"Last night about 7:00 p. m. I went shopping with a girl friend of mine in Plainfield and after shopping me and my girl friend went to Grunings on E. 5th Street to have something to eat. After eating we went to Watchung Avenue and E. 3rd Street and I sat in front of the church with my girl friend until the 10:05 bus came along. My girl friend got on the bus and I left to visit another friend of mine on Madison Avenue. I was wearing green shorts, a green and white polo shirt and a blue silk kerchief. I also had a string of pearls around my neck. I was carrying two paper bags. I had a wallet and a bathing suit in one and a pair of panties and miniature roller skates in the other bag. I walked down Watchung Avenue to E. 5th Street and down Fifth Street to Park Avenue. When I got to Park Avenue and W. 8th Street I turned right on Eighth Street and then I walked across the street to the south side. When I got to Arlington Avenue and Eighth Street I noticed a car travelling slowing and the person driving looked toward me, and then he turned right on Arlington Avenue or in the direction of 7th Street. I noticed that this car had a red reflector over the back license plate. I continued to walk down Eighth Street to Madison Avenue. When I got to the corner of Madison Avenue and Eighth Street I noticed that this same car had pulled up and stopped on the wrong side of the road on Madison Avenue to about the first driveway south of Eighth Street. Someone had gotten out of the car on the driver's side and he ran in the driveway and then he called out, `I'll pick you up tomorrow.' As I walked by this car and looked over toward it I noticed that there was nobody in the car. The car was parked along the curb on the wrong side of the street. Then all of a sudden this person came out of the driveway and grabbed me from the back and said, `Please do not yell'. He tried to drag me to the car but I wouldn't go. *190 I tried to fight him off but I couldn't, and seeing that he couldn't get me into the the car he then started to pull and drag me on the ground on to the property. I couldn't shout for help because he had his hand over my mouth, and he said to me, `I want your money, that's all I want. Where is it.' This person spoke in a sort of a broken Spanish accent. He couldn't pronounce his English words correctly. He asked me to tell him to point at which bag I was carrying had the money [in] it. I pointed to the bag and he grabbed it and at the same time he was holding his hand over my mouth with the other hand. He tore the bag and he put the wallet in his back pocket. Then he threw me on the ground with my face toward the dirt and he took the kerchief off my head. He then said, `I'm going to tie your mouth so you will not scream. So help me, I'll kill you if you do yell out.' He pulled my shirt up from my back and I felt a sharp instrument on my back. He then put this instrument back in his pocket. Just about that time I poked him in the stomach with my elbow and he released me. I yelled for help as I had seen the lights of a car coming up from Madison Avenue. While I was struggling with this person I remember that he had bushy hair, or rather long hair because it kept falling in front of his face as I was struggling with him. He was rather well built and he was about 5'9" tall. He was wearing sort of a tan shirt and light trousers. When I shouted for help this person left hold of me and ran off through the back yards toward Arlington Avenue and as he was running away from me he said, `I'll get you.' I then got up and ran toward a house yelling for help as I was running. I ran right in a house through a door which was unlocked and closed the door behind me. I kept hollering for help and then the police came up to the door and asked me what happened. I told the police that I had been robbed, that someone had assaulted me and took my money. The officers took me to police headquarters. A short time later I saw a very light skinned colored man at police headquarters and he looked to me like the same person that had assaulted me on Madison Avenue. I mean by that his build was the same and his clothes were the same as near as I could remember.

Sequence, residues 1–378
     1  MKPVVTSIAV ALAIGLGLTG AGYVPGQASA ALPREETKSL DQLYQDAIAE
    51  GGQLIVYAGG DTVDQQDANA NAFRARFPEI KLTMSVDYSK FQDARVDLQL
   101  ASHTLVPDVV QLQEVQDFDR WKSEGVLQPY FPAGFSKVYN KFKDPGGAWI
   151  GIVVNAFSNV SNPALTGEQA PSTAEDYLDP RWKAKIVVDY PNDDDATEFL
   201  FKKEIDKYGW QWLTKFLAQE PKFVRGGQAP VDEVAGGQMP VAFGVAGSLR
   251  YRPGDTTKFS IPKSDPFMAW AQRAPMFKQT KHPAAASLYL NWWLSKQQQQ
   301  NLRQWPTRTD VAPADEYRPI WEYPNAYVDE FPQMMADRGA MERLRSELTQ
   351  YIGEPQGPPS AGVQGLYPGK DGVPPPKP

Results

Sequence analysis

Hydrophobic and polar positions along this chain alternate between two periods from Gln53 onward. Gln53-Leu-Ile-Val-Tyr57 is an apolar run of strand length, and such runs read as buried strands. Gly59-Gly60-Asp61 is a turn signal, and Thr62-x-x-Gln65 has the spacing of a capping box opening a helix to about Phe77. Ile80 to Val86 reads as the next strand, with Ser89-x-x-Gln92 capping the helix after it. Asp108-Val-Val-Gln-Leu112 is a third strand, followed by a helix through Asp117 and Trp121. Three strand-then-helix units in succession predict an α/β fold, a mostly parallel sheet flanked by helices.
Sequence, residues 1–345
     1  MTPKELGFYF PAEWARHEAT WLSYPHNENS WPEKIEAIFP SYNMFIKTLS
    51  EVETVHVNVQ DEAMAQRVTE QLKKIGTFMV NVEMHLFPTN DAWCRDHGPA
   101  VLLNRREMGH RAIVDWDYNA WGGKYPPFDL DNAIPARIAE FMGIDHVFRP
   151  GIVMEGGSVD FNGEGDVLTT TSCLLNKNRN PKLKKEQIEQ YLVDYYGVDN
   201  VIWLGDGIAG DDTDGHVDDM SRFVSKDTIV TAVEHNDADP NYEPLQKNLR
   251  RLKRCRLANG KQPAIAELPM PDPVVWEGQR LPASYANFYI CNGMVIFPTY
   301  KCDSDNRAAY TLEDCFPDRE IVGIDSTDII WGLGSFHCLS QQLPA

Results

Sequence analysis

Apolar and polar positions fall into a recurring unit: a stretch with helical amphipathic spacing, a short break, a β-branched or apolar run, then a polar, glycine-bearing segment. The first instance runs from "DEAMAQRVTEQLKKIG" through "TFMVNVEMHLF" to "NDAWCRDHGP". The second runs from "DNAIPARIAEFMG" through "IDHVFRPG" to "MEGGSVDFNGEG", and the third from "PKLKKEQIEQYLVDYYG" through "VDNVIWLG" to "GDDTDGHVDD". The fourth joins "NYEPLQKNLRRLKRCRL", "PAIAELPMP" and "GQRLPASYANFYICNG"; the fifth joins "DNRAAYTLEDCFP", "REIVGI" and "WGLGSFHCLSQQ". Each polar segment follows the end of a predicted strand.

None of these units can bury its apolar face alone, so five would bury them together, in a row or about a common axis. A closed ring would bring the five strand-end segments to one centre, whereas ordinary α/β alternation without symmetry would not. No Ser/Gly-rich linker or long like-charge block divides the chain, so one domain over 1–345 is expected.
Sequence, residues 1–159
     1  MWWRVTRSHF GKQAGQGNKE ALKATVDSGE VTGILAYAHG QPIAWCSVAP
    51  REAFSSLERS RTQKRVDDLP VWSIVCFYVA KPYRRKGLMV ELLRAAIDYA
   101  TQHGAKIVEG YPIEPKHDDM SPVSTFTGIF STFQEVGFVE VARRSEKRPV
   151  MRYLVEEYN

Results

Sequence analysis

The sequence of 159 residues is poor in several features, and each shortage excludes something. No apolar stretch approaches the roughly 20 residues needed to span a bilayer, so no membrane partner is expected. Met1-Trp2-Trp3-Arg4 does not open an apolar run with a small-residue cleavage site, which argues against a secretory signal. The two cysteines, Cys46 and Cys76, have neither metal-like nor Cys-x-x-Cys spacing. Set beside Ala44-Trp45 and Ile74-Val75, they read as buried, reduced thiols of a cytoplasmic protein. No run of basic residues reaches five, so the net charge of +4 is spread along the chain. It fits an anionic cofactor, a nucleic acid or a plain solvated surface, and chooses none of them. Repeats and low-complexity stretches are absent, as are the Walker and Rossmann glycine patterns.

"Later on the officers brought a scarf and a set of pearls which they said they found in the yard where I was attacked and I recognized them as mine.